Healthy Eating at the Holidays

Written by Michal Shelton, RDN, LDN

June 13, 2021

Often around holidays there are a lot more sweets/desserts and foods that provide calories without many health benefits. Holidays are also a time to connect with people and maintain meaningful relationships which is just as important for physical and emotional wellbeing. This year that may be virtually or at a safe distance from those you don’t live with. Navigating how to make quality food choices around the holidays can be tricky but the team at the Holistic Healing Center is here to help support you.

Michal’s top tips for healthy eating at the holidays:

1.     Keep tempting food out of the house
This may be easier said than done but as much as possible avoid keeping around temping foods (these are often foods high in sugar and carbs). Keep your fridge and pantry stocked with nutrient dense foods and healthier alternatives such as pre-cut vegetables with hummus, fruit, nuts, dark chocolate (at least 70%). This may also be a good time to treat yourself to more expensive healthy snack options. Things like pre-packaged kale chip and dried vegetables such as from Rhythm superfood chips or various nutrient dense delicious protein or health bars from our office.

2.     Consider alternatives to refined, high sugar foods.
Consider making healthy alternatives for the holidays. Swapping out sugar for alternatives like erythritol or monkfruit sweetener is an easy way to reduce added sugars.

If you want to talk more about healthier snack or recipe ideas contact us to set up an appointment and I will gladly provide you with ideas tailored specifically to your nutrition needs and goals

3.     Stick to a schedule
It can be easy for busyness and stress to interfere with normal mealtimes but skipping meals can lead to overeating or making unwise food choices based on convenience and availability. Make sure to plan out regular, balanced, high fiber meals and snacks.

4.     Know what works for you
Oftentimes eating highly palatable foods (those high in sugar and refined carbs) makes people want to eat more of them. For this reason, it may be best to avoid eating tempting foods altogether. However, certain people may actually find it helpful to eat a small amount of the specific food they’re craving. Sometimes telling yourself you can never have a food (unless it’s due to an allergy or food sensitivity) can make cravings for it even stronger and for some people lead to binging on the “forbidden food”. You know yourself best. The key is to make sure you feel confident and in control of your decisions.

5.     Reject the all or nothing mindset
It’s easy to fall into the trap of thinking that unless you are eating “perfectly” there’s no point in making healthy choices but that is not true! You can always start again wherever you left off. Continue to eat in a way that supports your overall wellbeing and health goals even if you mess up. Health is a journey not a destination.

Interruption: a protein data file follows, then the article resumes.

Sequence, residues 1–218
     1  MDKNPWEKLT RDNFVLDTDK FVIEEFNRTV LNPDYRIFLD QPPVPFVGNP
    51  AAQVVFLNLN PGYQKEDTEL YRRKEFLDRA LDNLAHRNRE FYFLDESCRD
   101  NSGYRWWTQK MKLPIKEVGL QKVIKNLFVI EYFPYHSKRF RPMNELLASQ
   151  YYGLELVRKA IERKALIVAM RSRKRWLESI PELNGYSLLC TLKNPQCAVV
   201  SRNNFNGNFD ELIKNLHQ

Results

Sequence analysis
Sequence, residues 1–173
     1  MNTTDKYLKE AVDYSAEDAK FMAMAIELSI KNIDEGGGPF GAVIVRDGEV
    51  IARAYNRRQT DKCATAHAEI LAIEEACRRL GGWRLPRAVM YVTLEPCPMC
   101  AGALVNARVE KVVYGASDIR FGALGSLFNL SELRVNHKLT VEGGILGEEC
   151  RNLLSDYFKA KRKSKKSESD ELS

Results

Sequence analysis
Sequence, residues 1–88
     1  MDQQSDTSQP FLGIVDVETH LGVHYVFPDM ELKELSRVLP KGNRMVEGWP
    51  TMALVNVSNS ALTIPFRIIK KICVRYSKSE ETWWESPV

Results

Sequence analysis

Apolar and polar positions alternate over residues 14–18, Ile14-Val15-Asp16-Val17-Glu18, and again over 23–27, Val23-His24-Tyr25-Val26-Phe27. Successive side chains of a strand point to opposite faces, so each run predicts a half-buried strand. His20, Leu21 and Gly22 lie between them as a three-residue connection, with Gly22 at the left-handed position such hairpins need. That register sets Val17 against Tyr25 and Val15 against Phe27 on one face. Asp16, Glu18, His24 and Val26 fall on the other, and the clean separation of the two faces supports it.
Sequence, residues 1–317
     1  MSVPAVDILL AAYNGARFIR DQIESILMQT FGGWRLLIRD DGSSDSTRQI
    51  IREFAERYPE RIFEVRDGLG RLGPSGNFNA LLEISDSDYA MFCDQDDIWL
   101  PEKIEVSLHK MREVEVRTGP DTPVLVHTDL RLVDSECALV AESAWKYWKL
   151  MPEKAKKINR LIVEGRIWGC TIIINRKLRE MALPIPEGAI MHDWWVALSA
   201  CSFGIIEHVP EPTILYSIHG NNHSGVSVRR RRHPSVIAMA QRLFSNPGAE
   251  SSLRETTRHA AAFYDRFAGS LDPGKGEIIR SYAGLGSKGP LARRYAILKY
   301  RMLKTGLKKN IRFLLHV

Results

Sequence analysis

*If you find that you need some extra help staying on track consider joining our detox support program that will be starting in January/

Questions to ask yourself before eating a “treat” food:

Have your previous meals been balanced with vegetables, quality protein and quality fat?

Are you truly craving this food or is there something else going on? (stress, anger, boredom, guilt)

Are you able to just eat a small amount of it and then move on?

Are you at a gathering with friends or family where eating this food would help you connect better with others?

If you answer no to any of the above questions it may not be the best timing/circumstances to eat this specific food.

Longevity and Fasting Mimicking Diet

by Michal Shelton, RDN, LDN

The Fasting Mimicking Diet has been developed by scientistic researcher Valter Longo PHD. He has spent decades researching longevity and developed this concept. It is basically what it sounds like, a specific 5-day eating program that was designed to mimic a traditional fasting period…

read more

All About Protein

by Michal Shelton, RDN, LDN

Protein is an important macronutrient that as a Dietitian-Nutritionist I often end up discussing with patients. Although an actual protein deficiency is rare in the United States, ensuring that a person has adequate protein at all meals and snacks plays an important role in overall health. Adequate protein intake can help to balance blood sugar, maintain muscle mass and plays an important role in appetite control which may aid weight loss…

read more

About IBS and Low FODMAP Diet

by Michal Shelton, RDN, LDN

This is often what causes pain, bloating and other GI issues. A video explaining this concept in greater detail can be viewed here. Do you experience uncomfortable abdominal pain, bloating, or changes in bowel movements…

read more